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March 30, 2023

Yonkers Times

By Corazón Pineda-Isaac

By the current Mayor’s own admission, crime is increasing in Yonkers. The Yonkers Police Department says property crimes are up 10% over last year and shoplifting has doubled in the same period. There is a palpable sense of unease that I feel as I go door to door talking to residents.

But for several years, the Mayor has been telling us that Yonkers is among the “safest City in America” while doing nothing to address the issues that reduce crime over the long term. Crime is increasing today because Mike Spano has ignored the issue for three terms.

What he fails to recognize is the issue of crime is nothing new for many residents of Yonkers, especially in Black, Latino and poor neighborhoods. It’s a common refrain I’ve heard in my council office for years – the senior citizen afraid of getting assaulted, the clergy member worried about hate crimes at their place of worship, the parents worried about their child walking to school, the shopper worried about their car getting broken into or the business owner worried about getting robbed. All while he’s lectured us on how safe we were, the Mayor, a former Republican, has been out of touch with the real experiences of Yonkers residents.

He’s only waking up to it now because it’s a political threat to his attempt at a fourth term, one he needed to overturn term limits a second time to run for. But the solutions he is offering come from the same tired playbook that Yonkers politicians have deployed since the 1970s: hold a press conference, talk tough and blame the State government.

This is the wrong approach. The way we make Yonkers safer – long term – is by addressing the root causes of crime. Yonkers must invest in community services like mental health, intervention strategies like violence interrupters, affordable housing, education, after school programs, good jobs and community centers. These investments would make a major impact on the lives of our residents and keep us safer in the process.

Imagine a child who turned six when the Mayor first took office. That child grew up without adequate access to after school programs, sports and art. Her family may have had a hard time finding stable housing. And she may have endured trauma with no tools to manage it because there is little access to mental health services in the school or community. Today that child is almost 18 years old and has missed out on so many opportunities to enrich her life because Mike Spano has done nothing for her.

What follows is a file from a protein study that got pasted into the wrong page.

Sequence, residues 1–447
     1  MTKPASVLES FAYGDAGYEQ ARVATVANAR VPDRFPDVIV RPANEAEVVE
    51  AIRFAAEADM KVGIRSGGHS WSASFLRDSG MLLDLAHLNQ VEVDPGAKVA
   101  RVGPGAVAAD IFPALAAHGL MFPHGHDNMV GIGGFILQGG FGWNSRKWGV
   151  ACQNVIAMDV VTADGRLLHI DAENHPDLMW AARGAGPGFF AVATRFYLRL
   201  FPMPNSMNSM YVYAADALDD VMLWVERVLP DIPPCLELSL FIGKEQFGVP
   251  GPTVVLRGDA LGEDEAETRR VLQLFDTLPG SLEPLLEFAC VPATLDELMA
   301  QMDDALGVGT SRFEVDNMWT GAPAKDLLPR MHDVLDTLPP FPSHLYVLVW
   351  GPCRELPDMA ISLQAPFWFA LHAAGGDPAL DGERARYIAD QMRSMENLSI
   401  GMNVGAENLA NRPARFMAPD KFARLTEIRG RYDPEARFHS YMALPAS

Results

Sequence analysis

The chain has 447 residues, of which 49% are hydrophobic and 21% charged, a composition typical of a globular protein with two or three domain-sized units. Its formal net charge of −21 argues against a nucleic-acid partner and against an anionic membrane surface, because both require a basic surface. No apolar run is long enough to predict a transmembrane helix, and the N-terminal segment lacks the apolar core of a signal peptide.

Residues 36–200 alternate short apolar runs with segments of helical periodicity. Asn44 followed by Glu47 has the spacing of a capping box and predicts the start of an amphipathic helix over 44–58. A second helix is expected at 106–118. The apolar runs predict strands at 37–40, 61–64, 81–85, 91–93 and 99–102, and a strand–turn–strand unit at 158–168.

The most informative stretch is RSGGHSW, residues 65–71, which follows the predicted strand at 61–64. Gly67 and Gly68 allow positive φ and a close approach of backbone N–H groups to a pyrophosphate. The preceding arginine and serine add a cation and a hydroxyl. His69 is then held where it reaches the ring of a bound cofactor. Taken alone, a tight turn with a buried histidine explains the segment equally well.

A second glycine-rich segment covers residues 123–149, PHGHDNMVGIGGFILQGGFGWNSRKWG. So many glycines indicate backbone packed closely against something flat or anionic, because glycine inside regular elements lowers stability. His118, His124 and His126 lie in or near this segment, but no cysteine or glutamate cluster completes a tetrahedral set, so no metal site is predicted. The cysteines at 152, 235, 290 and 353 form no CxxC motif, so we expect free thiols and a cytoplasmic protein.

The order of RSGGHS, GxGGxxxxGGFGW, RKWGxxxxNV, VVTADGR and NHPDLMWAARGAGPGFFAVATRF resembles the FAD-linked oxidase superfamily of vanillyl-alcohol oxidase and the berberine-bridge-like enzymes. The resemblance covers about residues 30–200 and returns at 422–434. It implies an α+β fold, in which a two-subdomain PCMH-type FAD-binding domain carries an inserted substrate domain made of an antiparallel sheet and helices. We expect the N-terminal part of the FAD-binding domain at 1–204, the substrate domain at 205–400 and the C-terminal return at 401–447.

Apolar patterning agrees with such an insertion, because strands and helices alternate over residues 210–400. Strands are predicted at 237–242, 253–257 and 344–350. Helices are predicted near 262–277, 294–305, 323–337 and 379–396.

The police department plays a critical role, to be sure. I support providing them the tools they need to keep our communities and themselves safe, whether its financial resources, personnel, training or equipment. We also need to take a hard look at the department’s structure. Under the current Mayor, Yonkers does not have a dedicated domestic violence unit, gang unit or burglary unit. Police often find themselves bogged down by paperwork, which takes them away from time in the field where they could be building relationships and keeping the community safe. Restructuring the department by adding new dedicated units will help the police target their efforts more effectively.

At the same time, police officers are and should be held to a higher standard. The police community relationship works best when there is trust, and the onus to create that trust lies with the department and the officers themselves. It happens by building relationships, recruiting from within the community and making sure the officers look like and speak the language of the people and understand the perspectives of the communities they serve. The Mayor does not understand this dynamic.

People need to feel safe if Yonkers is going to reach its true potential. I agree with the Mayor that crime is one of the most important issues in our City, but I disagree on his approach. His policies may play well to his base, but they are out of touch with the reality that so many people of Yonkers face. We need a long-term plan and real investment in the community, not empty rhetoric and a playbook from half a century ago.

The writer is a Yonkers City Councilmember and Democratic Candidate for Mayor

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